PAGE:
The museum, inaugurated in April 2002, has been named after Masaccio, the painter who opened the great age of the Florentine Renaissance, whose first known work is displayed in the adjacent parish church: the famous triptych of Saint Juvenal, dated 23rd April 1422.
Coming from the nearby small church of SanGiovenale, it has been housed here since 1988 for reasons of security and propriety.
The museum has devoted to the painting of the Madonna enthroned with Child and four Saints an entire room of documentation equipped with didactic panels and computer supports. The visitor can look over them either before or after visiting the parish church, one of the most harmonic and suggestive of the Tuscan Romanesque monuments.
But the museum, which one enters through the church apse and is housed on two floors, also displays paintings and precious objects belonging not only to Cascia but also to other important churches of the territory of Reggello, such as: S. Agata in Arfoli, S. Donato in Fronzano, S. Margherita in Cancelli, all of them ancient and endowed with a valuable artistic patrimony largely unknown until now.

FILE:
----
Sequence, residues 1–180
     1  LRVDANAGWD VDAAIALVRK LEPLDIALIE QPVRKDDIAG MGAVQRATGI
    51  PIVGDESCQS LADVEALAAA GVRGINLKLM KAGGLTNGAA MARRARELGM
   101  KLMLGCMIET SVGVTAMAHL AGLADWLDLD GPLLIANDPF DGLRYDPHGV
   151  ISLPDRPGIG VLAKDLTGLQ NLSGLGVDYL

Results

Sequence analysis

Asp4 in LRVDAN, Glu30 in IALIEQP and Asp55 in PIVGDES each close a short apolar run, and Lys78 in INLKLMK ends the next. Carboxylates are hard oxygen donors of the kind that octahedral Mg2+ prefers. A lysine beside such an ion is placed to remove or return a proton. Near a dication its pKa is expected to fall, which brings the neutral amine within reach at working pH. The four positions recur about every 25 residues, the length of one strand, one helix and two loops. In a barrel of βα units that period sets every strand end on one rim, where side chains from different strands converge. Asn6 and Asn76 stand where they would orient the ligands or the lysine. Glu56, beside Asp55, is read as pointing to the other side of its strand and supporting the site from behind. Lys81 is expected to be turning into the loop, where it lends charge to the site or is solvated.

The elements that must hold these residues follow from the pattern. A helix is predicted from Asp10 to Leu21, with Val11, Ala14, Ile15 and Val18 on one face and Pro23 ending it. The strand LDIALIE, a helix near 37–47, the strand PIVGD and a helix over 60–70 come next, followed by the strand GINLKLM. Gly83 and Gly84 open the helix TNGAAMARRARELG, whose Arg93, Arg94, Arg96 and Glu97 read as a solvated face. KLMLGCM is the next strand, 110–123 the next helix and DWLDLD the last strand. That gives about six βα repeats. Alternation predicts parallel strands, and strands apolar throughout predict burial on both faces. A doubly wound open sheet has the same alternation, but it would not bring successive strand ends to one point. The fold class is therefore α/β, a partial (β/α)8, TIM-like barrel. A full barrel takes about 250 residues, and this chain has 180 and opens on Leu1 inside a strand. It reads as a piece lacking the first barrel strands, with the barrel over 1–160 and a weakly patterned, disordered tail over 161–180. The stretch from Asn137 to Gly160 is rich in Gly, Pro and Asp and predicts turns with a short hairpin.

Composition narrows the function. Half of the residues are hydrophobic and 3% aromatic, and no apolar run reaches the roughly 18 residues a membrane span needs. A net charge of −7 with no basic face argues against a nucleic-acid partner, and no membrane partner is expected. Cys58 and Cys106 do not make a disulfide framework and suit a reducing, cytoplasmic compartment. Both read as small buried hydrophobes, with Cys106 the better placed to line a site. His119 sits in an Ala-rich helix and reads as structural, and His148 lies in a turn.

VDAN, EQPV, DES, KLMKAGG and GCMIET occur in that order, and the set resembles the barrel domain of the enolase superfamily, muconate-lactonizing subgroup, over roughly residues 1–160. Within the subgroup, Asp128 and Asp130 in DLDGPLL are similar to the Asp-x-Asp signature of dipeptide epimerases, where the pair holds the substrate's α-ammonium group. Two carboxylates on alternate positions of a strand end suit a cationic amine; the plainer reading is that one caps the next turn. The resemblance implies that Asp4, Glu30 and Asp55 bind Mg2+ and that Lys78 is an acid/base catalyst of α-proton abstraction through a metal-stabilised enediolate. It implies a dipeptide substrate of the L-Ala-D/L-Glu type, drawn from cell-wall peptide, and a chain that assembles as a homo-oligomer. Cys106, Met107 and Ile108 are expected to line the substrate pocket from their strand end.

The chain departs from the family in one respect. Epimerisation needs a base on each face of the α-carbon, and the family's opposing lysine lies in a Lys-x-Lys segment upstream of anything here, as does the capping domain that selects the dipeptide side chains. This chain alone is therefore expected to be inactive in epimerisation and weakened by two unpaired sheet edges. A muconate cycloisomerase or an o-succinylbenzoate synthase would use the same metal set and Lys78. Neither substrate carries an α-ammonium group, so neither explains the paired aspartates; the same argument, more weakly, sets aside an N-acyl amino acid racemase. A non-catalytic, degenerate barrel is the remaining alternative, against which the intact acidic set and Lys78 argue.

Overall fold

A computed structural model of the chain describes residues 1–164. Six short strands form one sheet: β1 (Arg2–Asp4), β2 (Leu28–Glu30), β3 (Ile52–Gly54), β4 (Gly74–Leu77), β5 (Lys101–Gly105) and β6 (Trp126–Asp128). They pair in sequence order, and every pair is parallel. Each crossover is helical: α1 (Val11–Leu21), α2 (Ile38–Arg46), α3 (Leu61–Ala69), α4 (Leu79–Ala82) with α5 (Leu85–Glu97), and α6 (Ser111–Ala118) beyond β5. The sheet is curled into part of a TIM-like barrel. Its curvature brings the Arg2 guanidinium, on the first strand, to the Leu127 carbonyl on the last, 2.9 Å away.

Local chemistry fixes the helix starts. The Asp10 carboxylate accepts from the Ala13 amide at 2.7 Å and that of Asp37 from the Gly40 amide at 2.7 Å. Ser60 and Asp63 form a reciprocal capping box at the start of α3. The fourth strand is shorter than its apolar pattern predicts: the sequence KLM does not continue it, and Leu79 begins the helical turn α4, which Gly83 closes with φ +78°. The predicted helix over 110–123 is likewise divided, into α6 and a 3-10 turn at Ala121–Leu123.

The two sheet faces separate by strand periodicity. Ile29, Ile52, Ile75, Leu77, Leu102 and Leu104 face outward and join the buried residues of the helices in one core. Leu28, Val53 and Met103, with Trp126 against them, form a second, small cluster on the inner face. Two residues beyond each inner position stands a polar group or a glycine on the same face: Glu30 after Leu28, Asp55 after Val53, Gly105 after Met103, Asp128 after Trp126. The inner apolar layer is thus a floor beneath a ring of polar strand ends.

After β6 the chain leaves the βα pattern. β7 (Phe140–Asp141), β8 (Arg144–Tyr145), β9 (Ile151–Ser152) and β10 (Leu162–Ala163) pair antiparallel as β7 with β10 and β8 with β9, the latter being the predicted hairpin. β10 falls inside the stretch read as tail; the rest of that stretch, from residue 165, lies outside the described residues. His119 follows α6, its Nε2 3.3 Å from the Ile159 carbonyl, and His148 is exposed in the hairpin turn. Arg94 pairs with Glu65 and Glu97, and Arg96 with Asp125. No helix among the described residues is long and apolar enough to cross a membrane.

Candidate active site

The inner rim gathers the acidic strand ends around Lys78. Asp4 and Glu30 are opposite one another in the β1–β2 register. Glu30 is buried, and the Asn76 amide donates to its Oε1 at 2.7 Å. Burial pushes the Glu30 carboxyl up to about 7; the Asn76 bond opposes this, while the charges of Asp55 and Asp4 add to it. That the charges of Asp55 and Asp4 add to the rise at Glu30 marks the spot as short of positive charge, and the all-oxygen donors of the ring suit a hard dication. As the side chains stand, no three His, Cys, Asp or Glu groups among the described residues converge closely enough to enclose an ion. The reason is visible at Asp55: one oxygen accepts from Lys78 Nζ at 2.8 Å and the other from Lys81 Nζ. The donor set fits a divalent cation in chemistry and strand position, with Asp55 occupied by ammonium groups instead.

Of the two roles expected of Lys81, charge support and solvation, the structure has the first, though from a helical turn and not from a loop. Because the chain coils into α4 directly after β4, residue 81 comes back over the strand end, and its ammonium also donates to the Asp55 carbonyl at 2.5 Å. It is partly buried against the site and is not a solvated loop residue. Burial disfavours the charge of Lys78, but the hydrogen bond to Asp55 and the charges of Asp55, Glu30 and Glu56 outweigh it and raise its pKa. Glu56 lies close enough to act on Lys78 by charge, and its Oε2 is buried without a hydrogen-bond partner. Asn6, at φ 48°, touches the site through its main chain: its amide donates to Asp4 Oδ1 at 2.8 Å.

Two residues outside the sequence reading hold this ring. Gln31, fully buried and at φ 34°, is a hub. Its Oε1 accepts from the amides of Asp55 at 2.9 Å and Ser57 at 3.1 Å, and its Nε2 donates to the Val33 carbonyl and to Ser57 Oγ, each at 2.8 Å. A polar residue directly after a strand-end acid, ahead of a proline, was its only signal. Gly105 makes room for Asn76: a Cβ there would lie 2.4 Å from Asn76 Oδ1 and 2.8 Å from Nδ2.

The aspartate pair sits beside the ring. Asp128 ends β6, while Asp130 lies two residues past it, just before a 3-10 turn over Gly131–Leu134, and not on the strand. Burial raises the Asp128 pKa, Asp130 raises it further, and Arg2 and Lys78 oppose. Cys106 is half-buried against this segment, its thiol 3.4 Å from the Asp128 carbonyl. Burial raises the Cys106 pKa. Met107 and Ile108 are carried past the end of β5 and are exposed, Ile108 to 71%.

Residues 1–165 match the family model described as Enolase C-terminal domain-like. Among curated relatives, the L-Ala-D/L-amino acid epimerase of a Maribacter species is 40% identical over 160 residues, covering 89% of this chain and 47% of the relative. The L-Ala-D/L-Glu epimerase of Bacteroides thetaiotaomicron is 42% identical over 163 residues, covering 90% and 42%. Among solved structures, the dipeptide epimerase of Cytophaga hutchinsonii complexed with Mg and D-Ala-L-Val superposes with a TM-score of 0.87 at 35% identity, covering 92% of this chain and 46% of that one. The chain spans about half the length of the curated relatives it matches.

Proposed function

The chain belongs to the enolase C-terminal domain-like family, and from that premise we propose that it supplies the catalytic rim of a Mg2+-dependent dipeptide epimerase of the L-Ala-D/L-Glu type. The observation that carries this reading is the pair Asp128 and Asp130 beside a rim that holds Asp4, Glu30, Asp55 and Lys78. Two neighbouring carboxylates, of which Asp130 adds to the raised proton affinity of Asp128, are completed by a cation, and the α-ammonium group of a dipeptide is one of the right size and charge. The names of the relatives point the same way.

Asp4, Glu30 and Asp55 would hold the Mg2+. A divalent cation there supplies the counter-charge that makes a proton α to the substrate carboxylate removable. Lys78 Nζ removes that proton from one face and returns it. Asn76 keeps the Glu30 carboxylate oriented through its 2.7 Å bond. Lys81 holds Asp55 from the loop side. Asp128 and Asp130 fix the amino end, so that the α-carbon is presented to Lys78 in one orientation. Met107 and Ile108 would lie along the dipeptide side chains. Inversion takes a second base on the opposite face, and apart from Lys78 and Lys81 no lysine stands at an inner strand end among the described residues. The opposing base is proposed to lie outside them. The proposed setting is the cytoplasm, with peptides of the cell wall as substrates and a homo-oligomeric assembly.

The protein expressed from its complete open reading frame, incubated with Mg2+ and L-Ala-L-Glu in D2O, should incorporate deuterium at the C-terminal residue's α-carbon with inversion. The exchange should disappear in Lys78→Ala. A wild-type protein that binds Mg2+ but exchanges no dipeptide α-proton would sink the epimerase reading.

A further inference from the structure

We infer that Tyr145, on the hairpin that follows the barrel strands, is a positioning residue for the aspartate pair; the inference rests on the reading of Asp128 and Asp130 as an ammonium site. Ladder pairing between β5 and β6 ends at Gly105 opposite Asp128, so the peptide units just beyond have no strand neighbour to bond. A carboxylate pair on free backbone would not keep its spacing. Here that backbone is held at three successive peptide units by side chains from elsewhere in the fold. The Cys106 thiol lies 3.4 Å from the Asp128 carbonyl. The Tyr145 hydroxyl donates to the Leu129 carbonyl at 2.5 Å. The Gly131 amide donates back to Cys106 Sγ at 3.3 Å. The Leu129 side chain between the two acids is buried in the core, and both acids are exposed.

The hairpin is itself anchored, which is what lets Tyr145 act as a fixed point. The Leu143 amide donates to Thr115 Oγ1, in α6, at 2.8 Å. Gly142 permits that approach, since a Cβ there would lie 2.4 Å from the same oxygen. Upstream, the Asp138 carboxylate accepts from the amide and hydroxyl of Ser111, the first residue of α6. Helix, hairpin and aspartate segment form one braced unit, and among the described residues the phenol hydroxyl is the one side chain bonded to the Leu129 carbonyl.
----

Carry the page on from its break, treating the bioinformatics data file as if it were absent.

Among the paintings to be pointed out are: an important panel from the School of Ghirlandaio (end of 15th century), once exhibited on the main altar in Cascia, a sorrowful Deposition by Santi di Tito (1611), an ascetic Saint Anthony by Jacopo Vignali (17th century). Other works currently under restoration will be added to the works already on display, including a very beautiful panel by the Florentine School of 1575.
In the five rooms, one of which is decorated with elegant wall paintings from the first half of the 1700’s discovered under the plaster and recently restored , we also find real treasures of sacred jewelry of the 15th-19th centuries: among these are to be pointed out: the Astylar Cross of the 1400’s in copper engraved on two sides, the Monstrance in silver and rock crystal of the 18th century, the wooden sculpture of Saint Nicholas of Bari (18th century) which still retains its clothing madeof precious fabric, a chalice in gilded copper with niello-wrought silver inserts of the 14th-15th centuries and two ampullas from the 1700’s with an open pattern in silver.